~Tracy Powley, director, Focal Point Training and Consultancy Ltd, United Kingdom

Because inclusion is one of the core values of the USTA, it is important for me to lead, motivate and work well with individuals of diverse backgrounds, capabilities and interests in order to achieve the outcomes we’ve set for ourselves. This book is a great resource for any organization looking to create a successful culture of inclusion.

~D.A. Abrams, chief diversity & inclusion officer, United States Tennis Association/ author, Diversity & Inclusion: The Big Six Formula for Success

This book goes a long way in addressing the systemic discrimination faced by the LGBTQ2 community in the workplace. It tells you what you need to do and gives you the resources to do it. It makes it easy for any workplace to become more inclusive in their hiring, recruitment and retention practices. I highly recommend it for every workplace.

~ Deb Al-Hamza, past president, Pride London Festival/ diversity social worker, Children’s Aid Society of London & Middlesex

I think this book is very comprehensive! There is very valuable information from ‘Foundations for creating an Inclusive Business Environment’ to ‘Best Practices in Diversity.’ I see the value for small to medium businesses that lack a dedicated human resources professional or lack the experience with implementing policies and procedures to promote an inclusive environment; however, larger businesses can also benefit greatly from the examples, detail and strategy offered. I will continue to visit many of the resources offered in the future and have made note of some of the examples.

~Lesley Oliver, diversity & accessibility coordinator, Equity & Human Rights Services, University of Western Ontario

The book is strategic, concrete and to the point. The various examples make it relevant to readers and practical. I also like the fact it is rooted in personal experiences and takes a holistic approach. The book makes one reflect on what is not obvious, helps avoid assumptions and discusses unconscious bias.

~Magali Toussaint, international career and cross-cultural coach/ diversity professional, Netherlands, http://about.me/magali.toussaint

 

 

 

 

Mature Workers: Staying Relevant


By: Evelina Silveira, President Diversity at Work in London Inc.

I hadn’t seen Jeff for over 30 years, since we had worked together as teenagers but somehow we recognized one another as he left the employment centre. Stopping to say hello, he recounted how he was recently laid off as a sales rep from a food manufacturer and was coming from a support group for mature workers. I hesitated for a moment and replied with: “ I can’t believe it Jeff, we are mature workers!”.   “Wow, that makes me feel old and I really don’t understand why we would need a special group!” We both agreed that at our age we were really at our prime, having gained so much knowledge and skills. Why would these assets present such a dilemma for employers?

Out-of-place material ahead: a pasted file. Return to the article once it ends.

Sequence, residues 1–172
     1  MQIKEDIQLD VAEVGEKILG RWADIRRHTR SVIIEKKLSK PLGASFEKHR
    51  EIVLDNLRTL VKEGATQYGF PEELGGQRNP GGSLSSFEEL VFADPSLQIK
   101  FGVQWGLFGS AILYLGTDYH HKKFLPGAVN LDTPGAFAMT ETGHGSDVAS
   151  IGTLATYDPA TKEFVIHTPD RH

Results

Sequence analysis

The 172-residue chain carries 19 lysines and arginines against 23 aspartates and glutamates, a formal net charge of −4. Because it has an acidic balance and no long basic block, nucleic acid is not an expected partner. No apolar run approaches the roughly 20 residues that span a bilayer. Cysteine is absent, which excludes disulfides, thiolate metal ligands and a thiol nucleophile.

I guess it has to do with how we perceive mature workers. Are all of those stereotypes really true? Cranky, bitter, burnt-out technology dinosaurs. This seems to be the basis for the majority of complaints. Are they really warranted? While working on an assignment with a call centre, I had a chance to test this out. I noticed first-hand why my client was unable to retain their mature workers. The rapid pace of the computer-training was too stressful and they quickly became disengaged, alienated and embarrassed by the younger trainees. I could see how it would have been beneficial to take more time in the training and “nesting phase” (time before you go live ).

Spending more time on the front end would have actually saved on training costs and protect their reputation as an employer. Having a separate training strategy for mature workers would yield better results : creating higher retention and loyalty. Consistently, I saw mature workers quit  before they were put on the chopping block.

With three generations now working together for the first time, we must find ways to integrate them all for the survival of our organizations. It is estimated that approximately 41% of the working population is between the ages of 45 and 64 (up from 29% in 1991), and this percentage will continue to increase over the coming years.   This is an astounding number we cannot ignore. It requires a new shift in workplace and societal attitudes challenging our perceptions regarding aging.

Given how common is ageism,  mature workers must also do their part to stay relevant and informed about the trends in the changing workplace:

Refrain from being overly judgemental about the younger generation’s work habits and expectations. Taking this approach will automatically distance you from them and this will only make you appear older and resistant to change.

Look for opportunities where you can work with younger employees. Many younger workers often lament a lack of mentors in the workplace. Keeping an open-mind may make you someone they can turn to for advice. Conversely, they may be able to help you acquire or understand some of the latest trends that can be beneficial to your work –including technology and social media.

Familiarize yourself with your rights and obligations as a mature worker. Recognize that in some types of jobs which require physical work you may notice a drop in your ability to perform. You may be asked to perform other work.